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Malawi Journal of Science and Technology

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Impacts of Rainfall and Forest Cover Change on Runoff in Small Catchments: A Case Study of Mulunguzi and Namadzi Catchment Areas in Southern Malawi

D Mbano, J Chinseu, C Ngongondo, E Sambo, M Mul

Abstract


The impacts of climate change on water resources have received much attention globally especially in the last 30 years. Rainfall, the main driver of the hydrological cycle, has been varying in parts of the world in various ways. The picture is more complicated if impacts of land cover changes on water resources are also taken into consideration. These two pose challenges which require an integrated approach to address. Not many of such studies have been conducted in Malawian catchments and other tropical regions. In this study, annual, seasonal and monthly series of rainfall and river discharge of the Mulunguzi and Namadzi River catchments, two small sub-catchments in the Lake Chilwa catchment area, were analysed for trends using the non parametric Mann-Kendall statistic and Sens slope estimator. Further, Linear regression and the RainRU model were applied to establish whether the relationship between rainfall and runoff in the two catchments has changed. Furthermore, linear regression was used to establish how increased forest cover has influenced river flows in the two catchments. The results suggest that rainfall in the Mulunguzi catchment has decreased significantly at all scales and this has also led to reduced river flows. Increased forest cover since the pre 1950s has also resulted in reduced flows but this is not as significant as the rainfall decrease. In the Namadzi catchment, the rainfall trends suggest a varying pattern with no obvious straight trends. At annual and some months timescale, the rainfall has increased significantly. The river flow on the other hand suggests an overall declining pattern. This pattern is well linked with significant forest area increments which have occurred since 1995. It is therefore important that more detailed studies should be conducted to gain further insight to these relations as both catchments are important socioeconomically.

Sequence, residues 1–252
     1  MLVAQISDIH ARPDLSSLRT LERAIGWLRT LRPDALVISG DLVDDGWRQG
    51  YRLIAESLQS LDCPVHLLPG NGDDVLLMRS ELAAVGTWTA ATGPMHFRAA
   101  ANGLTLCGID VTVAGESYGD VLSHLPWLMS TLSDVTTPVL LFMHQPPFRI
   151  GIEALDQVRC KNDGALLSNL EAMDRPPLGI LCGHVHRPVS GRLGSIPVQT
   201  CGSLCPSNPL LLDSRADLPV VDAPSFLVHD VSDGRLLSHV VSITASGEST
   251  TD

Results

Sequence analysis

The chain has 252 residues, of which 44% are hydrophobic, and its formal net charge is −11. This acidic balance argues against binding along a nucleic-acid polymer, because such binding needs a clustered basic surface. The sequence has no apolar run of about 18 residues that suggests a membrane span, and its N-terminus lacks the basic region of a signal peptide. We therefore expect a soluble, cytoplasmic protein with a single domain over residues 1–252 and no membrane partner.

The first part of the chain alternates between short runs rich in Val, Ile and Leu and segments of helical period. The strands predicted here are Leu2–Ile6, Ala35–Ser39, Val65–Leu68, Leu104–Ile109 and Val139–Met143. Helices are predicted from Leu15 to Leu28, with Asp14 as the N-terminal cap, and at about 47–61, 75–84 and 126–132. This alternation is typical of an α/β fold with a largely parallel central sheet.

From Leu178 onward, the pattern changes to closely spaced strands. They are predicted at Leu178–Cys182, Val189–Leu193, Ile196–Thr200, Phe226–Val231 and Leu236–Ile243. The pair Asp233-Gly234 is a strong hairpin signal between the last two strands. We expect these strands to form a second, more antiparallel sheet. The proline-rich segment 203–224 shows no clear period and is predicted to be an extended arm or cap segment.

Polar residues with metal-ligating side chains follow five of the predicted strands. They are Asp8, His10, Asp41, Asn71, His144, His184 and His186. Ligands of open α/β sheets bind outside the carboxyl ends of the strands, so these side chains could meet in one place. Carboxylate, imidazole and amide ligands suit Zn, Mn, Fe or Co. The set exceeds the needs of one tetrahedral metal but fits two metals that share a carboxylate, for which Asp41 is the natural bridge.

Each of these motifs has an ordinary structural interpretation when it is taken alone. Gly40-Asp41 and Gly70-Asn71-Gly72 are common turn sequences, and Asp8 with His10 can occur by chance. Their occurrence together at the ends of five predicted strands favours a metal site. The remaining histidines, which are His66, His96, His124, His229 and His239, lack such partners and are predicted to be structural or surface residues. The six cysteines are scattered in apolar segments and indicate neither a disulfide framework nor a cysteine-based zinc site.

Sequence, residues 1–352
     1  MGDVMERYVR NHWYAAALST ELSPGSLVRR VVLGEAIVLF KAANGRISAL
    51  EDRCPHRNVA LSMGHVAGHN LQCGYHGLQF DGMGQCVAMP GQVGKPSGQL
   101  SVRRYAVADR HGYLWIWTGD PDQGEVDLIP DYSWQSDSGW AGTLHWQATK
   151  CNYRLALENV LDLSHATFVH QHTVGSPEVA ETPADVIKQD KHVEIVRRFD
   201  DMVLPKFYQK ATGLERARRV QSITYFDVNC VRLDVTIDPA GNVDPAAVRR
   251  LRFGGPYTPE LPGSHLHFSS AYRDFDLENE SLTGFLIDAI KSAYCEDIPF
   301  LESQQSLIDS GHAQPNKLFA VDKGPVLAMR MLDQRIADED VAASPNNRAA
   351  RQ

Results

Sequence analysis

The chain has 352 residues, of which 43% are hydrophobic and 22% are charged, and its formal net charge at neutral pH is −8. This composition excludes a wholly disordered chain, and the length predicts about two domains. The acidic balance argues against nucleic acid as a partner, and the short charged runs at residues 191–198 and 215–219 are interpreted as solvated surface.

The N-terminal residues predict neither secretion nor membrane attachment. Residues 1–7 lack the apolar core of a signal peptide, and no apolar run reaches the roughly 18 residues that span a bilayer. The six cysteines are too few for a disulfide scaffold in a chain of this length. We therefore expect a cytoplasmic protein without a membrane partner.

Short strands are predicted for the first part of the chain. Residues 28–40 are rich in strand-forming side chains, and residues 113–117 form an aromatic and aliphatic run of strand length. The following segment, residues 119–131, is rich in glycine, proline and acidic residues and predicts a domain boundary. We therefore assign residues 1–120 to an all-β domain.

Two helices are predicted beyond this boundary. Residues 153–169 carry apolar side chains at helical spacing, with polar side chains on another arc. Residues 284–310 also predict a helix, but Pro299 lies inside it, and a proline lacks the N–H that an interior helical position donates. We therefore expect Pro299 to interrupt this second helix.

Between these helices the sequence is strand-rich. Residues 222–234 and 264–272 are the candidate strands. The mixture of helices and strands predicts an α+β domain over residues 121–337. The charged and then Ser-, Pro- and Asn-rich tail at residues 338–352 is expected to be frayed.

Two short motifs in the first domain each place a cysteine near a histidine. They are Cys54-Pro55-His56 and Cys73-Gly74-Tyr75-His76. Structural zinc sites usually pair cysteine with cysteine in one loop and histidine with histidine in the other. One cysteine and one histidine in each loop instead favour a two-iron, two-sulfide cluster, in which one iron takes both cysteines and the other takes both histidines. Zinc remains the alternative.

Keywords: Land use; land cover; river flow; rainfall; climate change.




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